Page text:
Senator Craig M. Johnson blasted the MTA/ LIRR for once again ignoring the wishes of Main Line communities by continuing to go forward with its controversial Third Track Expansion project, even as its projected costs continue to increase.
MTA officials now estimate that it would cost $1.5 billion to complete the project. As recently as March, Third Track was projected to cost $1.3 billion. Last year, it was pegged at $1 billion.
This increase comes with no information on how the MTA plans to pay for the Third Track. The project is part of the MTA's 5-year Capital Plan, which was intended to have been funded in part by revenue from the now dead congestion tax proposal for lower Manhattan. Senator Johnson opposed congestion pricing, as he opposes this project.
"The price tag on Third Track keeps going up, the justifications for this project continue to shift, and revenues keep drying up. The only thing that remains constant is the opposition from the vast majority of those who live in the communities this project will cut through," Senator Johnson said. "Given all of these factors, the MTA/LIRR should be reevaluating their game plan, but yet everything indicates that they intend continue to pursue this wrongheaded project."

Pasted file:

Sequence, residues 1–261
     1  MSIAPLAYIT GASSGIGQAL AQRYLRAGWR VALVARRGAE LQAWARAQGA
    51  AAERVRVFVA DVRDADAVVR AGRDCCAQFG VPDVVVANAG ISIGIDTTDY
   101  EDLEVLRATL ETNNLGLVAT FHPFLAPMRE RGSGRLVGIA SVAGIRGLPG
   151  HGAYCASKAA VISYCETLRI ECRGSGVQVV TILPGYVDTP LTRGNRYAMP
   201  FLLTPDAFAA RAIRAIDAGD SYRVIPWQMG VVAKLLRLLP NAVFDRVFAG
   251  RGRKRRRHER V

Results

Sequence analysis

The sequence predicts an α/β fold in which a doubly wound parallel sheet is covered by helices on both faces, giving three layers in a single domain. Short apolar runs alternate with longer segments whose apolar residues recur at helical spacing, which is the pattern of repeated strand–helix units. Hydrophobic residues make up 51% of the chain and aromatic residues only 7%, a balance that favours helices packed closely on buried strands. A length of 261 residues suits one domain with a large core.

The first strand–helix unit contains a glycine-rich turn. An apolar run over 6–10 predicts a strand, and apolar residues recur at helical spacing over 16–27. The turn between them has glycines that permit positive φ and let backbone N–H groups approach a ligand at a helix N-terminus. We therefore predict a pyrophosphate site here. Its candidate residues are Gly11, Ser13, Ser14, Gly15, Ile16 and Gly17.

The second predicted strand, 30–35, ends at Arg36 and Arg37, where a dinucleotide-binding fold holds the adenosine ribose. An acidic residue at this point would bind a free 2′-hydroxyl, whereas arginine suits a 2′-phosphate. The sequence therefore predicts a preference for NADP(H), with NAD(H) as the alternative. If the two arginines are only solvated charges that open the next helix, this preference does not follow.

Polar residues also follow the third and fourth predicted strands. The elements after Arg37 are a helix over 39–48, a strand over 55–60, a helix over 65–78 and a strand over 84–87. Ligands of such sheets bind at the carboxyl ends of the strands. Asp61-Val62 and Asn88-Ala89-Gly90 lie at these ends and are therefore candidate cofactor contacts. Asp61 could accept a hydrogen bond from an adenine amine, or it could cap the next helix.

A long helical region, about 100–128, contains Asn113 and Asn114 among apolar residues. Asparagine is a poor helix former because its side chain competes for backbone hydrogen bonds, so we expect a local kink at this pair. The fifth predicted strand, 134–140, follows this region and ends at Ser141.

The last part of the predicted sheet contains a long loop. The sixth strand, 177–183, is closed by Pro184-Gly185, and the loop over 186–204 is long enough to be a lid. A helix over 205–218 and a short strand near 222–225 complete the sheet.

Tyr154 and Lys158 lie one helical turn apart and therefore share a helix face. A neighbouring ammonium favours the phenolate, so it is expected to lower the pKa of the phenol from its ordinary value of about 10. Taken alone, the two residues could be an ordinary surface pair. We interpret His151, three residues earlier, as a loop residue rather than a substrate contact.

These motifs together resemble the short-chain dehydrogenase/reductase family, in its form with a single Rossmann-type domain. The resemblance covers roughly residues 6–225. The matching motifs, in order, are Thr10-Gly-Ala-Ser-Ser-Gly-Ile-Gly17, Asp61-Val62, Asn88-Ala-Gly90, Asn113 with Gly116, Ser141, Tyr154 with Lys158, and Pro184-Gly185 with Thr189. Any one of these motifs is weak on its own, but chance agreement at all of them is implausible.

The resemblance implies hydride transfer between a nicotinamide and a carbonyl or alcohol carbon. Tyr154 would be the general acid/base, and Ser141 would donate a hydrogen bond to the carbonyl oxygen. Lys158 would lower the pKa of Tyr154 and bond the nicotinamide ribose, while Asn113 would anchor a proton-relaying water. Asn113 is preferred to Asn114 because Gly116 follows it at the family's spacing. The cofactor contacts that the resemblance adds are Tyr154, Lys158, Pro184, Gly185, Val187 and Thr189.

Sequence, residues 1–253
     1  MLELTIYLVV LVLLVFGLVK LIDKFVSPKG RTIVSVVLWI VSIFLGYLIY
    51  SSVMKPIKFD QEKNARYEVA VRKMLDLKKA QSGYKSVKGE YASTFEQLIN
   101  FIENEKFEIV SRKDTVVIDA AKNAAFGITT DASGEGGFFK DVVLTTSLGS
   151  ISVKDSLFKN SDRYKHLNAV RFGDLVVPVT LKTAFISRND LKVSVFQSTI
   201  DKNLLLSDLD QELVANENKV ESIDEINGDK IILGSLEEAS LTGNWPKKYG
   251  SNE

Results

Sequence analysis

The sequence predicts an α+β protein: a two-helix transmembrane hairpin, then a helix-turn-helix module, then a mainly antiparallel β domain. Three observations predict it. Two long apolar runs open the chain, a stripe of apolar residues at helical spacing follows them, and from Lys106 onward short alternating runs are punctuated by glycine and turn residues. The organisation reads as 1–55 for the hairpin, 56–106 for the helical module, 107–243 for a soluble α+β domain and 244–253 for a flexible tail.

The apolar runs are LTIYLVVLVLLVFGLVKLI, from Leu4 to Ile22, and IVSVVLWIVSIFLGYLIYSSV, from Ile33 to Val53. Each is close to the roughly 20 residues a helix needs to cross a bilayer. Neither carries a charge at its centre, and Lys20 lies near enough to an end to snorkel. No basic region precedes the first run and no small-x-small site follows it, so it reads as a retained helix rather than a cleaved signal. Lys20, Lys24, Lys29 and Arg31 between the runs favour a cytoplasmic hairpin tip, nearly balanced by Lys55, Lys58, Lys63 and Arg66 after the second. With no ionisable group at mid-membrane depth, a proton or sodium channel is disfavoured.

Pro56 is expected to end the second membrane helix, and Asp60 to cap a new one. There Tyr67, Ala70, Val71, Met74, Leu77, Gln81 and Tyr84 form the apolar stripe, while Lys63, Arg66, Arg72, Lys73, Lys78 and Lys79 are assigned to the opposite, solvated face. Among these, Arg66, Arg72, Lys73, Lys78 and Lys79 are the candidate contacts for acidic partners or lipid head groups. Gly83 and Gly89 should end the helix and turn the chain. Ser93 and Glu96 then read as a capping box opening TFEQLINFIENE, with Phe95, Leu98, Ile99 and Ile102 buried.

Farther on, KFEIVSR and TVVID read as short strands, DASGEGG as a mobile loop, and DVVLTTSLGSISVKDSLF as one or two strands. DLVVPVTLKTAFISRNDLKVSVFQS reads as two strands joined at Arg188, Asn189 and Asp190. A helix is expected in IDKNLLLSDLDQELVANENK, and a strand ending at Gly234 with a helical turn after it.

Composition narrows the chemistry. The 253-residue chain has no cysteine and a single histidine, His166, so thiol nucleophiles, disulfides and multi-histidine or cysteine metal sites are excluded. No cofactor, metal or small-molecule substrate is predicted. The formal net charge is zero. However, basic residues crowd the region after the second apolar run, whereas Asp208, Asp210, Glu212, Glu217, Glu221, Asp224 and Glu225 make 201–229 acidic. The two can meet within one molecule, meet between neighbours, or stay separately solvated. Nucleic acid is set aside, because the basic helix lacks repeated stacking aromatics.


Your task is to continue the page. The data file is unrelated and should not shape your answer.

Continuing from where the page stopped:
Among these indications, the MTA has posted a job listing on its Web site for a "director" to guide the project through the regularity process and "manage public outreach."
Senator Johnson said the MTA/ LIRR's apparent unwillingness to reexamine this project has made it even more important that his legislation, The Main Line Community Empowerment Act, (S.7037), becomes law.
The measure would allow the construction of the Third Track only with the approval of two thirds of the town and village governments from the communities that the track will run through. Any vote would come only after the affected governments (the Village Boards of Trustees in Bellerose, Floral Park, New Hyde Park, Garden City, Mineola and Westbury, which represent the incorporated communities, and the Town Boards in Hempstead, North Hempstead, and Oyster Bay, which represent the unincorporated areas) hold public hearings that will give residents a chance to gather information and voice their opinions on the project.
The bill is currently in the Senate Transportation Committee.